Quickstart Kubernetes Deployment

Quickly get started using Armory CD-as-a-Service to deploy a sample app to Kubernetes. Install the CLI, connect your Kubernetes cluster with a single command, and deploy a sample app using a canary traffic split strategy. Learn deployment file syntax.

Learning objectives

  1. Sign up for CD-as-a-Service.
  2. Install the CD-as-as-Service CLI on your Mac, Linux, or Windows workstation.
  3. Connect your Kubernetes cluster to CD-as-a-Service.
  4. Deploy Armory’s sample app potato-facts to two environments: staging and prod.
    • Use the CD-as-a-Service Console to approve an environment promotion.
    • Observe a traffic split between two app versions.
  5. Learn CD-as-a-Service deployment file syntax.
  6. Remove the resources you created.

Before you begin

  • You are familiar with CD-as-a-Service’s key components.
  • You have access to a Kubernetes cluster. If you need a cluster, consider installing a local Kind or Minikube cluster. Your cluster’s API endpoint does not need to be publicly accessible to use CD-as-a-Service.

If you do not have a Kubernetes cluster and still wish to tour CD-as-a-Service, you can sign up and select Self-Guided Browser Tour. CD-as-a-Service creates a short-lived Kubernetes cluster for you and then guides you through deploying the sample app.

Sign up for CD-as-a-Service

Access the registration screen to create an account. Fill in the required fields. When you’re done, click Create Account.

When you create your account, CD-as-a-Service does the following:

  • Creates an Organization for your company
  • Creates a Tenant for the Organization
  • Creates a User account with an Organization Admin role for you.

See Identity & Access Management for details.

You may have to log in after creating your account.

The Welcome to Continuous Deployment-as-a-Service Configuration page lists the steps you need to complete to begin using Armory CD-as-a-Service.

Install the CD-as-as-Service CLI

brew tap armory-io/armory
brew install armory-cli

You can install the CLI with a one-line script that does the following:

  1. Fetches the correct Armory Version Manager binary (avm) for your operating system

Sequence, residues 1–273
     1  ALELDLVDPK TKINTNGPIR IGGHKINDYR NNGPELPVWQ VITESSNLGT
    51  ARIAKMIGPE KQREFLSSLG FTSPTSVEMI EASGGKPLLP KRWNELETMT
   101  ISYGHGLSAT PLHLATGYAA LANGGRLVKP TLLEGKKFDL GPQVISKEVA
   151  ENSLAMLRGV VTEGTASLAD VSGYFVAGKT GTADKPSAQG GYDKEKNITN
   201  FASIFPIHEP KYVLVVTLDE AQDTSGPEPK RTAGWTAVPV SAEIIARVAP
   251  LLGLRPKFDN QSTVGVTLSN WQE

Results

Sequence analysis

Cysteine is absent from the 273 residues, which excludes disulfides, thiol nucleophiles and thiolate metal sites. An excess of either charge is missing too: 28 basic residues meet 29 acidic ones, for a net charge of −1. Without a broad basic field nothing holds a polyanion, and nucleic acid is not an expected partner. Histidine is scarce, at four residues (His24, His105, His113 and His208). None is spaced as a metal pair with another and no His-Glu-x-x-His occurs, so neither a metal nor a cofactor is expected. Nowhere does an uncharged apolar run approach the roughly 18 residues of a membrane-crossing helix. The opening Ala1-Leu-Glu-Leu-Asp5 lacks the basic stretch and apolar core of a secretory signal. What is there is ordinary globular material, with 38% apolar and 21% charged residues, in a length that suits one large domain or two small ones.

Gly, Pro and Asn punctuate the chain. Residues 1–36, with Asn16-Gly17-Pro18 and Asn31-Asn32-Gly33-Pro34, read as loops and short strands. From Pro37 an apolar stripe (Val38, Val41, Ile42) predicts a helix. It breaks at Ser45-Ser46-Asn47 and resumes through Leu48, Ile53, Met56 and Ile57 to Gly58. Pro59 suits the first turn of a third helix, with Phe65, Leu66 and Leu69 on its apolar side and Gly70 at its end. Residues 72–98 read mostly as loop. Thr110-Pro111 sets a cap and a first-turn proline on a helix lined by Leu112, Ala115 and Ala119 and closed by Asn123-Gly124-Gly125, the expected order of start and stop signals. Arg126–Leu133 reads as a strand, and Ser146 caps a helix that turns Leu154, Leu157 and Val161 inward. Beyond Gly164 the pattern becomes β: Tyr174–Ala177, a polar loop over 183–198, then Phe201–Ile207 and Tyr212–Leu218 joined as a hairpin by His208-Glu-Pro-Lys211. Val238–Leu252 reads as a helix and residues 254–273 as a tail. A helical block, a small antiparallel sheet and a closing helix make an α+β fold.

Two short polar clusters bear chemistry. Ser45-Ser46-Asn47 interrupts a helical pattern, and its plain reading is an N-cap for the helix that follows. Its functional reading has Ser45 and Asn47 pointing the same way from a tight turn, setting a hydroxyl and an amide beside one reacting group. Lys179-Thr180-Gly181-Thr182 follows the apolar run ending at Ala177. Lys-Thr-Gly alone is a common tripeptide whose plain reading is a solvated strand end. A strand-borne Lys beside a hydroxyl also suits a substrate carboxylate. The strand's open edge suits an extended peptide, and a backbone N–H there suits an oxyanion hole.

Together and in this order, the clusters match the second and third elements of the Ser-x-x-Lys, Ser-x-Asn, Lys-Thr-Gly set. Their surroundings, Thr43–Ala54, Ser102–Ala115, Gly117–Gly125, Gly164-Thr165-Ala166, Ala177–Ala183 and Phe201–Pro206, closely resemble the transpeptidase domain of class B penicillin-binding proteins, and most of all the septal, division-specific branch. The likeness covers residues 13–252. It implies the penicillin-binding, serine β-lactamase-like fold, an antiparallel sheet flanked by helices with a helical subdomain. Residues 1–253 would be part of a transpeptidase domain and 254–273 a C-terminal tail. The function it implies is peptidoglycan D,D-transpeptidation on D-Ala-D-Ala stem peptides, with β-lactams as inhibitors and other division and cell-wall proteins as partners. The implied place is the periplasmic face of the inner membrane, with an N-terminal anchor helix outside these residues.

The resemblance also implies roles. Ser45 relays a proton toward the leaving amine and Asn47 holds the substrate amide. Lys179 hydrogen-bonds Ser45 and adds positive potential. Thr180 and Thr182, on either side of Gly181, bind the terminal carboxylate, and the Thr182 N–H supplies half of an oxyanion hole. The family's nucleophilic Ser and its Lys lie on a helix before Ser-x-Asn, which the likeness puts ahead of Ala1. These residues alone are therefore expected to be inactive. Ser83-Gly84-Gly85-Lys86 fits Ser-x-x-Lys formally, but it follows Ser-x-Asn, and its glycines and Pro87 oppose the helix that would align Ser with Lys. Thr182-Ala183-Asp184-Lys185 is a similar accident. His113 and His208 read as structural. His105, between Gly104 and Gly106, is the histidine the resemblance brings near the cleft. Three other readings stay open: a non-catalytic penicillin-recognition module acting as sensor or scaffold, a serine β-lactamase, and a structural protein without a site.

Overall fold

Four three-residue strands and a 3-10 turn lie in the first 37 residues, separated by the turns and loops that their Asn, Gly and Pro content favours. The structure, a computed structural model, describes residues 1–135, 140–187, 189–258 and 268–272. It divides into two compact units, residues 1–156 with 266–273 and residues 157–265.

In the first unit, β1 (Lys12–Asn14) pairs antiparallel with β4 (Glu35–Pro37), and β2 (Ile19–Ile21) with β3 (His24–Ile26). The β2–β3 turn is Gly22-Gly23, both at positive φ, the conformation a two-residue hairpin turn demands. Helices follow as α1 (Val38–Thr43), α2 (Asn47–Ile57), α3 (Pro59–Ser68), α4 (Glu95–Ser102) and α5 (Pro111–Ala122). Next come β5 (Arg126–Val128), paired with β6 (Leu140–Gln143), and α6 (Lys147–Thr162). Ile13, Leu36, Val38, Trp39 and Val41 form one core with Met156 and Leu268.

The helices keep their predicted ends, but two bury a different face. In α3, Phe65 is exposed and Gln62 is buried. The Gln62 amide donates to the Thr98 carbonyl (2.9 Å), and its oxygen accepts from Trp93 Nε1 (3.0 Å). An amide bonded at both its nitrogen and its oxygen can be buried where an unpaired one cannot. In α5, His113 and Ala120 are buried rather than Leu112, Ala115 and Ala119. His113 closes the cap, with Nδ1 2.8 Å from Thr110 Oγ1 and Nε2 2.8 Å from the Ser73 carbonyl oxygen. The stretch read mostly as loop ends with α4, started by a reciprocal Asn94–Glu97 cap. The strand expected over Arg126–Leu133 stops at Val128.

2. Installs the AVM binary
  3. Uses the AVM to install the CLI binary (armory)
  4. Adds the AVM and the CLI to the path in your bash or zsh profile

Execute the following script on the machine that has access to your Kubernetes cluster:

curl -sL go.armory.io/get-cli | bash

After installation completes, you should start a new terminal session or source your profile.

  1. Download the AVM for your operating system and CPU architecture. You can manually download it from the repo or use the following command:

    curl -LO https://github.com/armory/avm/releases/latest/download/avm-<os>-<architecture>

    For example, the following command downloads the latest version for macOS (Darwin):

    curl -LO https://github.com/armory/avm/releases/latest/download/avm-darwin-amd64

    You can see the full list of available releases in the repo.

    Note: You can also download AVM from the releases AWS S3 bucket:

    curl -LO https://armory-cli-releases.s3.us-west-2.amazonaws.com/avm/latest/avm-darwin-amd64
  2. Give AVM execute permissions. For example (on macOS):

    chmod +x avm-darwin-amd64
  3. Confirm that /usr/local/bin is on your PATH:

    echo $PATH

    The command returns your PATH, which should now include /usr/local/bin/.

  4. Rename the AVM binary to avm and move it to /usr/local/bin, which is on your PATH. For example (on macOS):

    mv avm-darwin-amd64 /usr/local/bin/avm
  5. Run the following command to install the CLI:

    avm install

    The command installs the CLI and returns a directory that you need to add to your path, such as /Users/milton/.avm/bin.